posted by tylerkaraszewski at 11:12 AM on February 5, 2011 [3 favorites]

This is cool. I'd like to have some information on each plant's invasiveness, but that's so dependent on where it's planted that it might be hard to compile information on it.

Kudzu is edible and medicinal?

I was surprised a few years ago to see big jars of dried kudzu root in the bulk health-foods aisle of my grocery store. (I was kind of hoping that it was being marketed on the theory that you'd gain the plant's vitality and fecundity by eating its root, but it appears to have some other putative benefit.)
posted by hattifattener at 11:54 AM on February 5, 2011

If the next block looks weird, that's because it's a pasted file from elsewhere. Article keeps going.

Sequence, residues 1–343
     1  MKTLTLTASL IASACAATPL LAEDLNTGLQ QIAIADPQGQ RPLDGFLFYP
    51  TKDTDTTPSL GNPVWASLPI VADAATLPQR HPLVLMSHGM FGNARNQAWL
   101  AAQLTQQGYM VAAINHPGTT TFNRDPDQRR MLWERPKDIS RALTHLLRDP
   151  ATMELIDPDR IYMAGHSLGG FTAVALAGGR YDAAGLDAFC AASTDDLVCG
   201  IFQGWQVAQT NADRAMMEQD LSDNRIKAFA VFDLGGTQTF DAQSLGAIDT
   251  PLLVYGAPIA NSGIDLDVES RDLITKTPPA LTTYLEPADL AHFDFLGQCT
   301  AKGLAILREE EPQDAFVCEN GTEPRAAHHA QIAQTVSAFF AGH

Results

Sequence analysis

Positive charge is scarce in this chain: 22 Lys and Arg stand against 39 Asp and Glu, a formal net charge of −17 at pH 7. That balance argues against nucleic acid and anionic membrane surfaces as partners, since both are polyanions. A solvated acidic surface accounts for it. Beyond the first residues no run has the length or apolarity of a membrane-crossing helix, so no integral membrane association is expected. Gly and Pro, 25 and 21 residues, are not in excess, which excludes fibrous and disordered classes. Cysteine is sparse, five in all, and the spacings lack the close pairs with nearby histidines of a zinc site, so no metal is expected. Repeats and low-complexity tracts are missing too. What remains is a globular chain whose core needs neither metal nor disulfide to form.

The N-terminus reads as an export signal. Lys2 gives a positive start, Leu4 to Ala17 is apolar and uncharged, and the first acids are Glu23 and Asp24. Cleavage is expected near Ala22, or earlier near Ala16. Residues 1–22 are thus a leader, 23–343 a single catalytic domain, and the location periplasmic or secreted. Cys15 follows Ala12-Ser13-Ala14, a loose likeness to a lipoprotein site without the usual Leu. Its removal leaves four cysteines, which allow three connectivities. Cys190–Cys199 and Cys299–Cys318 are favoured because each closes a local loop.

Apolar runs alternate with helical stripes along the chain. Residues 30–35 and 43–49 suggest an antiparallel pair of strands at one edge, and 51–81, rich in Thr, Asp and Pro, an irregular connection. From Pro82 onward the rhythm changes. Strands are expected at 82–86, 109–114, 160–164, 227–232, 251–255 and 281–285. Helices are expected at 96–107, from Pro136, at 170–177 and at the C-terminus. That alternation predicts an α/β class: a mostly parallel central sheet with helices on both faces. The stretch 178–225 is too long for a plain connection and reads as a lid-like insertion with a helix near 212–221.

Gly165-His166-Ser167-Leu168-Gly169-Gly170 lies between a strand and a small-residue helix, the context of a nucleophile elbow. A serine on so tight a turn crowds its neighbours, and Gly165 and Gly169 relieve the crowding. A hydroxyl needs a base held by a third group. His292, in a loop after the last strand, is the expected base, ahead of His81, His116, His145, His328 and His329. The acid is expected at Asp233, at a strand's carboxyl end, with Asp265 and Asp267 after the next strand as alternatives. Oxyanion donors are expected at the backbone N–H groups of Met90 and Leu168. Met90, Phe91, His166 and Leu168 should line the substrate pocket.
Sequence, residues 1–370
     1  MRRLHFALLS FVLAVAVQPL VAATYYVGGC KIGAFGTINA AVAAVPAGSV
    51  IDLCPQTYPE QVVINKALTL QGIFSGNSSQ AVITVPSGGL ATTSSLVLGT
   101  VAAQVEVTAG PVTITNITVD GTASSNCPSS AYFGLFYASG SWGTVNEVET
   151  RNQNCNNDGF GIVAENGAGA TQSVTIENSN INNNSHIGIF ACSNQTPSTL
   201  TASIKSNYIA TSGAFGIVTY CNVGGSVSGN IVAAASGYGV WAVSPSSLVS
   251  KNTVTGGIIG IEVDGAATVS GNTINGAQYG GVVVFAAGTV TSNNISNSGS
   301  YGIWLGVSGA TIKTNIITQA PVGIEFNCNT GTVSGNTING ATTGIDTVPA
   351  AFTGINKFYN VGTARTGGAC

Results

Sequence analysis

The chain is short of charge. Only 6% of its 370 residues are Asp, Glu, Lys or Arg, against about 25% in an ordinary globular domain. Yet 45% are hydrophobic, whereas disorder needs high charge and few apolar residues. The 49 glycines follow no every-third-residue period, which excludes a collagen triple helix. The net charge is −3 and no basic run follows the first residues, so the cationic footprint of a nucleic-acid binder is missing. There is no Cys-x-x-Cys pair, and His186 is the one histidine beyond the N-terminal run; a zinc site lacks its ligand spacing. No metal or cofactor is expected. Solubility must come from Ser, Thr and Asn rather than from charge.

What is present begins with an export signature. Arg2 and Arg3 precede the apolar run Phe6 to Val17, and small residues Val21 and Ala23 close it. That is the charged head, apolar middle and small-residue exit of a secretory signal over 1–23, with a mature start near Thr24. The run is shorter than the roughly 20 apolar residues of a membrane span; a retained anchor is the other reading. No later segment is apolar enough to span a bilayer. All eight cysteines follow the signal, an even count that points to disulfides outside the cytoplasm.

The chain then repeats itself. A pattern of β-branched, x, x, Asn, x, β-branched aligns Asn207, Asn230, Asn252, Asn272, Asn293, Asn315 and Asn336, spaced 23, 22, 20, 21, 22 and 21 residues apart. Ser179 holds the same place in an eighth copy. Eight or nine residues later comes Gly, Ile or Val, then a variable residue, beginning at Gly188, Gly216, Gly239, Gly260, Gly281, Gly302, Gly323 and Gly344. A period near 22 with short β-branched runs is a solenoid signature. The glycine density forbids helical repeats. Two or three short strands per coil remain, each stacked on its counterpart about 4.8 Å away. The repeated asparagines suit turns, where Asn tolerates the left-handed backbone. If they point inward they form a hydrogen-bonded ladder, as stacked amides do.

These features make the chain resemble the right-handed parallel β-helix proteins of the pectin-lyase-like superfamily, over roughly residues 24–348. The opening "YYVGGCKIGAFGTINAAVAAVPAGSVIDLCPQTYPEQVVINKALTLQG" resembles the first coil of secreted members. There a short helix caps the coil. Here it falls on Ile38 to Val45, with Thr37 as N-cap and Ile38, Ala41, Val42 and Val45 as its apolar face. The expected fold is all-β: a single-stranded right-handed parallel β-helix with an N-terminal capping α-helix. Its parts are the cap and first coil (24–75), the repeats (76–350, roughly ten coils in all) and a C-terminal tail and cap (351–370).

A massive database of edible plants while impressive and excellent for research, is far from a practical resource for eager aspiring plant eaters. Even the popular field guides (eg: Peterson's Edible Wild Plants) commonly available in many bookstores have limited information for someone who actually wants to go out and prepare a meal of tasty plants - - they usually aim for brief descriptions of the maximum quantity of species, instead of greater details of each plant's appearance in various seasons, the best time to pick it, and how to harvest and prepare it.